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A passionate witness to the colossal upheaval that has transformed her native South Africa, Gillian Slovo has written a memoir that is far more than a story of her own life. For she is the daughter of Joe Slovo and Ruth First, South Africa's pioneering anti-apartheid white activists, a daughter who always had to come second to political commitment. Whilst recalling the extraordinary events which surrounded her family's persecution and exile, and reconstructing the truth of her parents' relationship and her own turbulent childhood, Gillian Slovo has also created an astonishing portrait of a courageous, beautiful mother and a father of integrity and stoicism.
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*The deeply moving memoir of the Slovo family which also encompasses much of the story of the Apartheid years.


About the Author

Gillian Slovo recently adapted TIES OF BLOOD, a fictional work about South Africa, into a six part series for the BBC. Since Nelson Mandela's release she has made frequent visits to South Africa (she wrote a piece for the THE GUARDIAN on the run up to the election).


"In most families, it is the children who leave home. In mine it was the parents." So writes Gillian Slovo, the daughter of white South Africa's most famous radical couple: Ruth First and Joe Slovo. Now in her 40s, Gillian attempts to find answers to questions that resonate as if from a Nadine Gordimer novel: How much did her communist parents, who were fighting apartheid horrors, owe their three neglected children? Her perspective is less one of bitterness than ache, coupled with the psychological curiosity of the novelist she is. Gillian first reconstructs the circumstances of her mother's 1982 death by letter bomb (via South African agents) in Mozambique, then delves into her own dislocated youth, when her mother was detained by the state and the family's modus operandi was secrecy. In 1990, Joe Slovo returned to South Africa as one of the African National Congress's top negotiators; he later became the new government's housing minister. Once white South Africa's bogeyman, he was now lionized. But the pensive Gillian, down from London, finds her father resistant to talking about his past. Only after Joe dies peacefully does Gillian find out some family secrets: mutual infidelities, a half-brother fathered by Joe. Also, she has a remarkable confrontation with the evasive ex-cop who helped send that letter bomb. In the end of this fluid, often fascinating memoir, Gillian does find peace, judging her parents less harshly and feeling pride in the country, her country, that her parents did help save. (May)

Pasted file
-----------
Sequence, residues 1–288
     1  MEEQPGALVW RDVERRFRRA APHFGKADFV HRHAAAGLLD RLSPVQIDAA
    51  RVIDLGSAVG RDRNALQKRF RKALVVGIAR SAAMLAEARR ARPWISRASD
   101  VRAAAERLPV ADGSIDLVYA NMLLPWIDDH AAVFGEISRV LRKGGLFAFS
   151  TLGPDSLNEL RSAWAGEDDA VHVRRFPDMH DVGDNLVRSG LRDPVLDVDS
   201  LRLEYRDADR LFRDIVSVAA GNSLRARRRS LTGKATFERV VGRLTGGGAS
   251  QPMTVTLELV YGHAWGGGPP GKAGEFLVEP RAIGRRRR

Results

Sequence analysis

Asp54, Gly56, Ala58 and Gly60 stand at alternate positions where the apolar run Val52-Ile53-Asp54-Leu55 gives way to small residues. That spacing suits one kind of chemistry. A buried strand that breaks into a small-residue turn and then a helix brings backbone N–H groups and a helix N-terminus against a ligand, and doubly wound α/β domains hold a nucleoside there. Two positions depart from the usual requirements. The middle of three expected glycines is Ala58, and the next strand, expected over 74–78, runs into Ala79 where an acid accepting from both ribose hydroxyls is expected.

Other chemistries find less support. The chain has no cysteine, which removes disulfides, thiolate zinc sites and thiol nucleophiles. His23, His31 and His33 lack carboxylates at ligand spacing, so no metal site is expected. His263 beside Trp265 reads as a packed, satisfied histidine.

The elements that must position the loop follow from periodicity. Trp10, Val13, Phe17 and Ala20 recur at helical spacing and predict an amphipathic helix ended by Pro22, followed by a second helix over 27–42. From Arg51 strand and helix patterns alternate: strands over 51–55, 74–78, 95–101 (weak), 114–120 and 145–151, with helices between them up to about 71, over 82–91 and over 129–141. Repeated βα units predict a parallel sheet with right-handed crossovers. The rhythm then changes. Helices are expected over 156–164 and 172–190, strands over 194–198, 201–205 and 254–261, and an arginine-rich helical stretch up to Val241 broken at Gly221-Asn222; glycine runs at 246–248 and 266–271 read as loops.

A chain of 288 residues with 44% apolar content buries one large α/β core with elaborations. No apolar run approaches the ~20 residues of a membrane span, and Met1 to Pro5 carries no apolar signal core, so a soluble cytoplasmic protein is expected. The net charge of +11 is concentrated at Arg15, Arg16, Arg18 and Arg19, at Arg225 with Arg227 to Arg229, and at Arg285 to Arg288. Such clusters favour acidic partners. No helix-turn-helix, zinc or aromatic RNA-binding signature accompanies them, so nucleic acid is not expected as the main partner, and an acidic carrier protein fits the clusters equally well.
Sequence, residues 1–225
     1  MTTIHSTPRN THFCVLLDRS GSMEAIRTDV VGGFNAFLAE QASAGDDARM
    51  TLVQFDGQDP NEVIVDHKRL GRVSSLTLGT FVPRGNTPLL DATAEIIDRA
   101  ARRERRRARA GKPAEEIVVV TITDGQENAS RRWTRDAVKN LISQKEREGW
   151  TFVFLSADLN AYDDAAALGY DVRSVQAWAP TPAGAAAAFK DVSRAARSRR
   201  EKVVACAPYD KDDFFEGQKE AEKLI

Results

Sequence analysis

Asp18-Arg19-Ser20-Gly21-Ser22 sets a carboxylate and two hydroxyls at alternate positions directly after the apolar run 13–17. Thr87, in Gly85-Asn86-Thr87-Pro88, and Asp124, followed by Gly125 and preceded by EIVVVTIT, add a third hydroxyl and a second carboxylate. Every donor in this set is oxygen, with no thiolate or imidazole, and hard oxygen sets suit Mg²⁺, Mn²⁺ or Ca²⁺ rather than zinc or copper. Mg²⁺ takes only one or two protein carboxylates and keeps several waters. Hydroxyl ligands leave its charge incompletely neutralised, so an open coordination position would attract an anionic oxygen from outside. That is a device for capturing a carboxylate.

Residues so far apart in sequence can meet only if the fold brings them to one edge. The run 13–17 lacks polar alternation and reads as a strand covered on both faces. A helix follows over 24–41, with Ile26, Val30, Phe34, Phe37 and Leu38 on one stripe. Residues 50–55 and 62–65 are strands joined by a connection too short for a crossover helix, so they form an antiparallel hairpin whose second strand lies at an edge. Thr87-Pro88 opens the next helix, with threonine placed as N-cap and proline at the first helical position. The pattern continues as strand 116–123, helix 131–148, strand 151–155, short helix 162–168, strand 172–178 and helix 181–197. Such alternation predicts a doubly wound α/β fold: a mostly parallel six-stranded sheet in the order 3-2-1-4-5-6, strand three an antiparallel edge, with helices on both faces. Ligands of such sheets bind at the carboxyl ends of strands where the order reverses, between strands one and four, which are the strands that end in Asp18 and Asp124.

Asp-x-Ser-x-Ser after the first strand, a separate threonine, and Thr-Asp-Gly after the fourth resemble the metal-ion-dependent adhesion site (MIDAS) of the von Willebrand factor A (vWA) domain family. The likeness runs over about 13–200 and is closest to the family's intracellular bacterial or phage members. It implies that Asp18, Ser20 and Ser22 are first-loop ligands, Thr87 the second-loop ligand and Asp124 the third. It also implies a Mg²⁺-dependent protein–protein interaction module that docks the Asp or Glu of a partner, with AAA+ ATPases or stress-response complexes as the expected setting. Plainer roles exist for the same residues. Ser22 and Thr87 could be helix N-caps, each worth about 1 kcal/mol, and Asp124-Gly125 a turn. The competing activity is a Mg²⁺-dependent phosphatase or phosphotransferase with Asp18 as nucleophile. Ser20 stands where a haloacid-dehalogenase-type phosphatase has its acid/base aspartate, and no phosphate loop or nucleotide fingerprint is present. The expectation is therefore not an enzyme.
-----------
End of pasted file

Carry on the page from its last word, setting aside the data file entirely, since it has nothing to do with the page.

'A luminous achievement' OBSERVER 'Wonderfully moving ... anger, frustration, and the hunger for sharing wash her pages, though they never swamp the admiration for her parents' GUARDIAN 'Gillian Slovo has written a brave book, as unsparing of herself as it is of her parents ... a moving testimony' Christopher Hope, INDEPENDENT An extraordinary expression of the very nature of loving, which illuminates, with the anger and tenderness of deep emotion, that human territory we all occupy, and where we conceal so much from ourselves' Nadine Gordimer 'If it doesn't become one of 1997's bestsellers we can only deduce that the reading public has lost its marbles.' Dervla Murphy 'A brave book... guilt, longing, envy are all present, but so are love, courage and stoicism in the face of danger.' MARIE CLAIRE 'An intriguing journey... a fine book.' SCOTSMAN 'An enthralling story about the cruelties of compassion, the anguish of loss and the courage to pursue the truth that brings its own peace.' OBSERVER 'Others have written about this remarkable family... but no one as painfully or as frankly as this book. Nowhere else have I seen the personal cost of political commitments so starkly portrayed.' MAIL ON SUNDAY 'A beautiful examination of the ties that bind a couple- principle, passion, power, pain... Excellent.' TIME OUT 'Told with a powerful, underplayed directness.' SCOTLAND ON SUNDAY 'A painfully honest tale.' ECONOMIST 'This is a valuable book which speaks for a generation of white South Africans whose parents fought the injustices of apartheid, often with terrible personal consequences.' SPECTATOR

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